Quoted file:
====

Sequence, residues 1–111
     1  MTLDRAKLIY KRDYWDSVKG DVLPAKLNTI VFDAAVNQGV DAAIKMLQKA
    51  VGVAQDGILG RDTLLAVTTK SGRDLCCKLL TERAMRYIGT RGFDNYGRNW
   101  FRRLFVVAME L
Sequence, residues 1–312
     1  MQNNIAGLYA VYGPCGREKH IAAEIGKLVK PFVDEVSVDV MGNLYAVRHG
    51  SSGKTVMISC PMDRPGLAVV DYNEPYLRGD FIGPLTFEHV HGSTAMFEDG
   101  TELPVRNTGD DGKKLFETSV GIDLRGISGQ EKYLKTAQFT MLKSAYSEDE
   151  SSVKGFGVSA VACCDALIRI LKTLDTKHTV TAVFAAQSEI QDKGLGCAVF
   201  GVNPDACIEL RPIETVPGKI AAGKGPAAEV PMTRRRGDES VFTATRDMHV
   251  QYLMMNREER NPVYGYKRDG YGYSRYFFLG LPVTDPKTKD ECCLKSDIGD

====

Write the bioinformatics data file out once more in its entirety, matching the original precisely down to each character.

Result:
Sequence, residues 1–111
     1  MTLDRAKLIY KRDYWDSVKG DVLPAKLNTI VFDAAVNQGV DAAIKMLQKA
    51  VGVAQDGILG RDTLLAVTTK SGRDLCCKLL TERAMRYIGT RGFDNYGRNW
   101  FRRLFVVAME L
Sequence, residues 1–312
     1  MQNNIAGLYA VYGPCGREKH IAAEIGKLVK PFVDEVSVDV MGNLYAVRHG
    51  SSGKTVMISC PMDRPGLAVV DYNEPYLRGD FIGPLTFEHV HGSTAMFEDG
   101  TELPVRNTGD DGKKLFETSV GIDLRGISGQ EKYLKTAQFT MLKSAYSEDE
   151  SSVKGFGVSA VACCDALIRI LKTLDTKHTV TAVFAAQSEI QDKGLGCAVF
   201  GVNPDACIEL RPIETVPGKI AAGKGPAAEV PMTRRRGDES VFTATRDMHV
   251  QYLMMNREER NPVYGYKRDG YGYSRYFFLG LPVTDPKTKD ECCLKSDIGD